Governor John Bel Edwards takes center stage in discussion on racial injustice in Louisiana


Kennith Woods

Governor John Bel Edwards emphasizes the impact Justice John Marshall Harlan had with his dissenting opinion in “Plessy v. Ferguson” and how that dissent contributed to racial progress in Louisiana as a whole. September 27th, 2022.

On Tuesday night, Southeastern students and faculty gathered together in the Student Union Theater for the final presentation of the first day of the symposium, as Governor John Bel Edwards presented his lecture entitled, “1896-2022: The Pardoning of Homer Plessy and its Impact on Racial Justice.” 

Prior to his speech, the governor was introduced by Dr. John L. Crain, president of the university, and Dr. Samuel Hyde, a Southeastern professor and director of the Center for Southeast Louisiana Studies, the establishment that organized the symposium. 

Gov. Edwards began the lecture by setting the scene leading up to what would become Plessy v. Ferguson, the landmark U.S. Supreme Court ruling that established the “separate but equal” concept, which held that racial segregation laws did not violate the Constitution so long as the facilities for each race were of equal quality.

Homer Plessy was born on March 17, 1863, during Reconstruction, when mandatory military presence in the South after the Civil War gave black people voting rights. A shoemaker by trader, Plessy was inspired by his stepfather’s work in the 1870s Unification Movement, he became a racial activist.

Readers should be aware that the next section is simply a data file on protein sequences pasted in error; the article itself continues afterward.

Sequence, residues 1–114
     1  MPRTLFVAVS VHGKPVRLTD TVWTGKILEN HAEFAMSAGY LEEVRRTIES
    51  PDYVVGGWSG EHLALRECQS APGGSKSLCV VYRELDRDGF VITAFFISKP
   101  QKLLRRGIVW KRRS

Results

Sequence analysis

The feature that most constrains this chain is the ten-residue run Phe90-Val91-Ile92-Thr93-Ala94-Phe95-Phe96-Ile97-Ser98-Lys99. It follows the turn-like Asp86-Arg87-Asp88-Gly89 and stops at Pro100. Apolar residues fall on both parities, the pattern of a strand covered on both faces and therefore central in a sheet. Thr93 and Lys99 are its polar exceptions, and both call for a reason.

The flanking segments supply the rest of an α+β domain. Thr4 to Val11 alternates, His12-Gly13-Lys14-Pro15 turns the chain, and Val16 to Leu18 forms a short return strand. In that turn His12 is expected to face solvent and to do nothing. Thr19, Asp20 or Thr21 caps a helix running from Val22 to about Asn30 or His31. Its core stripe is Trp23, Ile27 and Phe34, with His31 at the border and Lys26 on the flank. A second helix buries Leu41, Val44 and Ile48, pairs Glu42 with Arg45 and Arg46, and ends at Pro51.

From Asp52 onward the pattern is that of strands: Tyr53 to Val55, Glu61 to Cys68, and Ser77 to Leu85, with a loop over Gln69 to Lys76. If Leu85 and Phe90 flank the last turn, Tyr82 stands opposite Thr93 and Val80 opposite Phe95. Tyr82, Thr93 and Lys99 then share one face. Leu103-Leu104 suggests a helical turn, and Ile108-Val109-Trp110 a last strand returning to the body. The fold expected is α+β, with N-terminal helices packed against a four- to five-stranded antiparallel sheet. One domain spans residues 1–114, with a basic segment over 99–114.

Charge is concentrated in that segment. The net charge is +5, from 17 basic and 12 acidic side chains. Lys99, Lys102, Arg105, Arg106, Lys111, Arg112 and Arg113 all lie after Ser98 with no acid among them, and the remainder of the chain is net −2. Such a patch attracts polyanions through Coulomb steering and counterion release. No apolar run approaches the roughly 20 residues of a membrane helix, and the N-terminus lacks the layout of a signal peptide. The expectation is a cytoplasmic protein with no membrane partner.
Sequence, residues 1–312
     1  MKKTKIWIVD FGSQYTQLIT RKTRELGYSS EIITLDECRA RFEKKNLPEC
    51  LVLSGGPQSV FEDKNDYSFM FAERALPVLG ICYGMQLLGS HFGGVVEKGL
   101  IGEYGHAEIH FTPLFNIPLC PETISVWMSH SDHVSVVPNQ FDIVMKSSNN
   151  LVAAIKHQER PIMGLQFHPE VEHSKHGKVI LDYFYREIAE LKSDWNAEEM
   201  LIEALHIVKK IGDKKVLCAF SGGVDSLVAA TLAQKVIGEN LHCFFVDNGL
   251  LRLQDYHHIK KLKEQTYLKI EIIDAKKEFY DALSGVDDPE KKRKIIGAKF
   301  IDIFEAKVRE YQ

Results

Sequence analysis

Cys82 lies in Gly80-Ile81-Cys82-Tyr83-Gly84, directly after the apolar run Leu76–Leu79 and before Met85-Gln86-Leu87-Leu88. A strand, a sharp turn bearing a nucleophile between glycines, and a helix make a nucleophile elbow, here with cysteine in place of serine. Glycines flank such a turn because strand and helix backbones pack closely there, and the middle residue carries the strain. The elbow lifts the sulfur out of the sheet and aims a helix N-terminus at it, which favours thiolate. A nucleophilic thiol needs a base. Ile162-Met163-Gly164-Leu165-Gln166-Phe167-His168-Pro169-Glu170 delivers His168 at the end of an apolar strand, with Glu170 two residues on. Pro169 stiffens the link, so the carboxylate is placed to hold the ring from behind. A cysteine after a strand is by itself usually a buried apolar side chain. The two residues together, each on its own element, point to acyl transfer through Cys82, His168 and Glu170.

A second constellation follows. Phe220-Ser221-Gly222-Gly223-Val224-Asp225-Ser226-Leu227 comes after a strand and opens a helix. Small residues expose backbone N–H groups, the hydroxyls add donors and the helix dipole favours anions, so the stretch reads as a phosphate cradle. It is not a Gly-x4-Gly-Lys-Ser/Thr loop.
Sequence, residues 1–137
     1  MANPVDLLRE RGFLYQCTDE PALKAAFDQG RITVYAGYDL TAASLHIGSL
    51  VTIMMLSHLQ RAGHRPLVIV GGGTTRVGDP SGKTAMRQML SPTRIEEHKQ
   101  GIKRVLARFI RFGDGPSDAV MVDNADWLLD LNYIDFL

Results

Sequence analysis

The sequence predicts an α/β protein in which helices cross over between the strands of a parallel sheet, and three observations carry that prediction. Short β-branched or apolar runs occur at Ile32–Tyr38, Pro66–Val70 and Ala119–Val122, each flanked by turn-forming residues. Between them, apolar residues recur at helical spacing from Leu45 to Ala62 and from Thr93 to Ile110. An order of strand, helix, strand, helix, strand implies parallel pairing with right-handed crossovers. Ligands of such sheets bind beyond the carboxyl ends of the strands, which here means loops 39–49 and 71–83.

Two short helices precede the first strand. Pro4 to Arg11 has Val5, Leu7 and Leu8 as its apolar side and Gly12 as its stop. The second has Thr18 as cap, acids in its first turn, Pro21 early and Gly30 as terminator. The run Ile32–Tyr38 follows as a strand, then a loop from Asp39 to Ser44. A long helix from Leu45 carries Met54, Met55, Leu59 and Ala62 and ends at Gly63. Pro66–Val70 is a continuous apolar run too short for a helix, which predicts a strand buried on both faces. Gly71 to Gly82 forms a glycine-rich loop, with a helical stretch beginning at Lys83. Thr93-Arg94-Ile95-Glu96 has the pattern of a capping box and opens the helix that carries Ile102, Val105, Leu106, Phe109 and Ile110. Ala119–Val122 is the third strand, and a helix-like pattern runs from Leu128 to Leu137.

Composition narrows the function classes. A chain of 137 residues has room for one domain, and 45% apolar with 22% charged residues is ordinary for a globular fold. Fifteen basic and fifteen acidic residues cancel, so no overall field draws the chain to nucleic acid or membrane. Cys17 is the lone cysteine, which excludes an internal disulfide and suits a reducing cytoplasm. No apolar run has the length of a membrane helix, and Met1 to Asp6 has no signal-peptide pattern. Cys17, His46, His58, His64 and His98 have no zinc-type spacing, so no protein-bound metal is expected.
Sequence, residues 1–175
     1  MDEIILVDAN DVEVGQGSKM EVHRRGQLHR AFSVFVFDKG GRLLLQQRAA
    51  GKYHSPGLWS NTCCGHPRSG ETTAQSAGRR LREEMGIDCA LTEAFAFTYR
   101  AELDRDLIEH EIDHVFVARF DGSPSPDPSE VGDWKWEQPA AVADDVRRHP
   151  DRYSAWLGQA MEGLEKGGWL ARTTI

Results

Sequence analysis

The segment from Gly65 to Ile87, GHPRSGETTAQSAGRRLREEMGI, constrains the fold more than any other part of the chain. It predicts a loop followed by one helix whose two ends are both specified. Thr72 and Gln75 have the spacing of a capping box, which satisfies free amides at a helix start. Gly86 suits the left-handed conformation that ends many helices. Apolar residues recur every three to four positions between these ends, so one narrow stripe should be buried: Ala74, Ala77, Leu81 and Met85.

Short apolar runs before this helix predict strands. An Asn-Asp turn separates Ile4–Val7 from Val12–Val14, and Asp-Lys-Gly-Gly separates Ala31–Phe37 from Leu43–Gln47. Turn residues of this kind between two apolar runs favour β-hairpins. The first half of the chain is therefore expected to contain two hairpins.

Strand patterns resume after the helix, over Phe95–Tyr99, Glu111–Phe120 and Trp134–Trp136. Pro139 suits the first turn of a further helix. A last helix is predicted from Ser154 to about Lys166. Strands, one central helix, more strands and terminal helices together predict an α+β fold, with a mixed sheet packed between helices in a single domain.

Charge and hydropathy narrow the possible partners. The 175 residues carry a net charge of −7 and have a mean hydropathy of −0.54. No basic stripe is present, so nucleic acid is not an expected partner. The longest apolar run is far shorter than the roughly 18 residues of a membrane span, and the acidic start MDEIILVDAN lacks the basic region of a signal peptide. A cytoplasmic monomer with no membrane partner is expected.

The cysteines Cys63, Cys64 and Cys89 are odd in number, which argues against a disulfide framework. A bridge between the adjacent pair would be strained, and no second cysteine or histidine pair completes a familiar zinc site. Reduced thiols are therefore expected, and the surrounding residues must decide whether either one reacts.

The Louisiana State Legislature established the Separate Car Act in 1890, forcing railroad companies to provide separate trains for whites and blacks.

At the heart of the act was the statement: “No person or persons shall be admitted to occupy seats in coaches other than the ones assigned to them, on account of the race they belong to.”

Edwards said this requirement was a way for the legislature to uphold white supremacy. The bill was eventually signed into law by former Governor Francis Nichols, who was previously an officer for the Confederacy during the Civil War. 

The Citizens’ Committee in New Orleans, according to Edwards, was looking to “test and invalidate recently enacted racial segregation laws” and set their eyes on the Separate Car Act. They recruited Homer Plessy specifically due to his background in political activism and to expose the ridiculousness of the new law due to his appearance. 

“He was ⅞ white and ⅛ black, and under the law he was black. He looked like a caucasian,” Edwards said. 

Railroad companies were brought in on the scheme to assure Plessy’s arrest would have maximum messaging impact. According to Edwards, railroads were tired of paying twice for the management and care of train cars to comply with the statute and wanted to see the act challenged in court.